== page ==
We, of course, need to do nothing. There is no we here. This is a Wall Street crisis. And the usual suspects on Wall Street need to line up, bend over and get caned for their misdeeds. Barring that, they need to take the market’s medicine like men.

Instead, they were out in full therapeutic mode, pouting and whining for a change of their soggy diapers by dear Nanny Washington.

And Nanny obliged.

First there was Fannie and Freddie, the terrible twins, who were taken lovingly into the conservatorship of the state. Translation: they went belly up and the funeral expenses were billed to the tax-payer, though the estate had been sold at private auction a long time before.

Oh, those twins.

Inhaling the swampy fumes of government but croaking from the terra firma of the market. Owned by individuals, backed by the state. The formula of the managed economy – privatized profits and socialized losses.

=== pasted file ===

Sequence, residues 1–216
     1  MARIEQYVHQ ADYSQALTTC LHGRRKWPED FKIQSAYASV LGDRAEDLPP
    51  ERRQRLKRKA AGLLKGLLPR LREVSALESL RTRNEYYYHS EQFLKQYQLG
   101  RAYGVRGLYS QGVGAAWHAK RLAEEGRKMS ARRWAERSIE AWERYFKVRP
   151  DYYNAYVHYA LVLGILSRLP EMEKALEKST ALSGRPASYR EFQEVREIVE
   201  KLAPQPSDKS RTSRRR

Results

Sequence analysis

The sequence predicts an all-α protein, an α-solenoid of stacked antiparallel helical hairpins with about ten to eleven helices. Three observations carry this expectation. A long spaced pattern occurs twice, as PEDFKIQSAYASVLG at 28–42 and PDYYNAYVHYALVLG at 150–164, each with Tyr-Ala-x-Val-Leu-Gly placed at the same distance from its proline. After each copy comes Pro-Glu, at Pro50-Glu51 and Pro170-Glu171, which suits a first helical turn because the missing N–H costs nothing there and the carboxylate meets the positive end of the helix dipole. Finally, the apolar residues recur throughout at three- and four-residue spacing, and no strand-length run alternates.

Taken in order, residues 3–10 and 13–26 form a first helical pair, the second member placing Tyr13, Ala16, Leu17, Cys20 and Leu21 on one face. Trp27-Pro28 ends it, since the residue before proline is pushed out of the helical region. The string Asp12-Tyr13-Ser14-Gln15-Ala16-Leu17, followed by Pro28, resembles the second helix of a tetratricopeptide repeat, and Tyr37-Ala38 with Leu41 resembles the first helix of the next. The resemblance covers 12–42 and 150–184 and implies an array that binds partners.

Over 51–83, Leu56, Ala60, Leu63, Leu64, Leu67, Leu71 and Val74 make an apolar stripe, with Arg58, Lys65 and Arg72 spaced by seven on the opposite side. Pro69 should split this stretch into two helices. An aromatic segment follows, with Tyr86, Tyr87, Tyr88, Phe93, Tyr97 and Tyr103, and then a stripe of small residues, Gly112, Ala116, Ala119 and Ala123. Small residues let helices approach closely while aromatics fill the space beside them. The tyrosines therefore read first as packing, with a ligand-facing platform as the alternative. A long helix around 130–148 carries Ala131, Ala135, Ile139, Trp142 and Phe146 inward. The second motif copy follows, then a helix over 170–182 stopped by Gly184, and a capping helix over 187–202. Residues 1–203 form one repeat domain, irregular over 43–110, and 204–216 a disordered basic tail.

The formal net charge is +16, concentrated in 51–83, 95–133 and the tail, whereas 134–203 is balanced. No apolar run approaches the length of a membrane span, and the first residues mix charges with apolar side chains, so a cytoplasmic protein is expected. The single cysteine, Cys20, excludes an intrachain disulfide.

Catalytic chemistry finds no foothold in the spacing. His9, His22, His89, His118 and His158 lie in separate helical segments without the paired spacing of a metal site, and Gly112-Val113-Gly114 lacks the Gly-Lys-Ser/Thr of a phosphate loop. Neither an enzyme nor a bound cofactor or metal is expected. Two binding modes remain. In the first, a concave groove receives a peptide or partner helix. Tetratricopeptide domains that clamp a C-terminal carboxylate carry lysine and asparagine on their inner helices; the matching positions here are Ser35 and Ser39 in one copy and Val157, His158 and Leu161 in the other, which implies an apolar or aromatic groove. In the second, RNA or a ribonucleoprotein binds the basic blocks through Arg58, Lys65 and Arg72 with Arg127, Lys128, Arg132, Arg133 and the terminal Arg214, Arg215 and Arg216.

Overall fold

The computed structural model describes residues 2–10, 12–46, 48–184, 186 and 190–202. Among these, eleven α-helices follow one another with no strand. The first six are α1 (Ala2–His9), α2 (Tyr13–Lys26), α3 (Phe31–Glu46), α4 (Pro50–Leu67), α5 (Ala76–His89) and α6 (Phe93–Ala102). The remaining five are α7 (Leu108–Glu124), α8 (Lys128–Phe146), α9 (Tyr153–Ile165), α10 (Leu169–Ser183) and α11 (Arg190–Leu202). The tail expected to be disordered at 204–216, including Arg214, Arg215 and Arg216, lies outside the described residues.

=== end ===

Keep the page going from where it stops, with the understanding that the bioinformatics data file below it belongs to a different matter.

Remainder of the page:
Created by Congress to expand home ownership by making finance available to a bigger part of the population, the two companies own (or guarantee) around 40 percent of the $8.5 trillion U.S. residential mortgage market. They are the biggest single borrowers in the US, after the federal government. In 2006 they were hit with a $350 million dollar fine, one of the biggest ever assessed by the SEC, as a penalty for accounting malpractice. Then Fannie even got caught trying to pull Nanny’s strings to discredit the regulator. Which strings were those? We can only guess.